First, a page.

5. Document pain points
For each of the AS-IS business process identified above critically evaluate with stakeholders the pain points. One way to do this is to mark the points on the process flows where the stakeholders feel things could be improved. Unless you are re-engineering the whole process, the pain points must be addressed as part of the requirements. On your part identify steps in the process that do not add any value and discuss with stakeholders the alternatives.
6. Identify high-level requirements
SOW/ high-level scope and pain points should serve as a good starting point to come up with high-level requirements. Share the list with the stakeholders and identify any missing ones. Ideally, there should be no more than 8-10 high-level requirements. Provide no more than a few sentence descriptions for each of the high-level requirements.
7. Chose elicitation techniques
There are over 50 of them identified in the BABOK. Not all are relevant for eliciting requirements. Also, each situation may demand using different techniques or a combination of techniques. For example, if requirements are non-existent, use brain storming. If they are nebulous, use questionnaire.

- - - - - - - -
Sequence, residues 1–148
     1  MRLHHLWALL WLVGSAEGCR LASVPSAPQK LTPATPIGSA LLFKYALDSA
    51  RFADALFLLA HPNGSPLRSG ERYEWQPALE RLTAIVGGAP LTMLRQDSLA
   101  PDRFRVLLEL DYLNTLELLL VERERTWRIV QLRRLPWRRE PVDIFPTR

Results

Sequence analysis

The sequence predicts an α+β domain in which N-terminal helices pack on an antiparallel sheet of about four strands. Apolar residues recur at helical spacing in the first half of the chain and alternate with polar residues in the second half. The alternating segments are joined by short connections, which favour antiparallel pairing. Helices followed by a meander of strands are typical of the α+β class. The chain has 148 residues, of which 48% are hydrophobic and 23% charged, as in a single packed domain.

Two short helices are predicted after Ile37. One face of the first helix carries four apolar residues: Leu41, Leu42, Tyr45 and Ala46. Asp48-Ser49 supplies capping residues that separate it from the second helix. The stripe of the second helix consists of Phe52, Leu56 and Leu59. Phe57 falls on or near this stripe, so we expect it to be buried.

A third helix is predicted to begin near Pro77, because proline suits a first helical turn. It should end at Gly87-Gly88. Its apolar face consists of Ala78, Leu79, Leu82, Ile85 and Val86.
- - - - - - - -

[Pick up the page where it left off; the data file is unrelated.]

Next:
8. Organize elicitation sessions
Have a precise agenda and invite relevant stakeholders. Not all requirement stakeholders need be present in all meetings. It is not a good use of their time. Manage the sessions as things can go off-track very quickly. Record the sessions so that they may play them back if things are not clear. Circulate summary of discussion the same day and seek feedback on a no-objection basis. Give a day’s gap between elicitation sessions for you to document the requirements else you may not remember all that was discussed.
9. Choose the right template
Do not overdo the template. They merely provide a structure to the requirements document. The content is very important. Focus on that. Standard BRD templates have many sections to fill. Discuss with your organization if some of these sections can be left out. Of course, certain sections like an overview, in scope and not in scope items are mandatory. AS-IS process and TO-BE processes can be documented separately and references in the BRD.
10. Document requirements
It’s now time to document the requirements. Keep these in mind:
- Quality standards
- Do not combine two requirements in a sentence
- Use a simple, active voice
- Ensure logical flow to requirements. For example., checking user authenticity must precede every other requirement
- Re-read the requirements, confirm they make sense and there are no conflicting requirements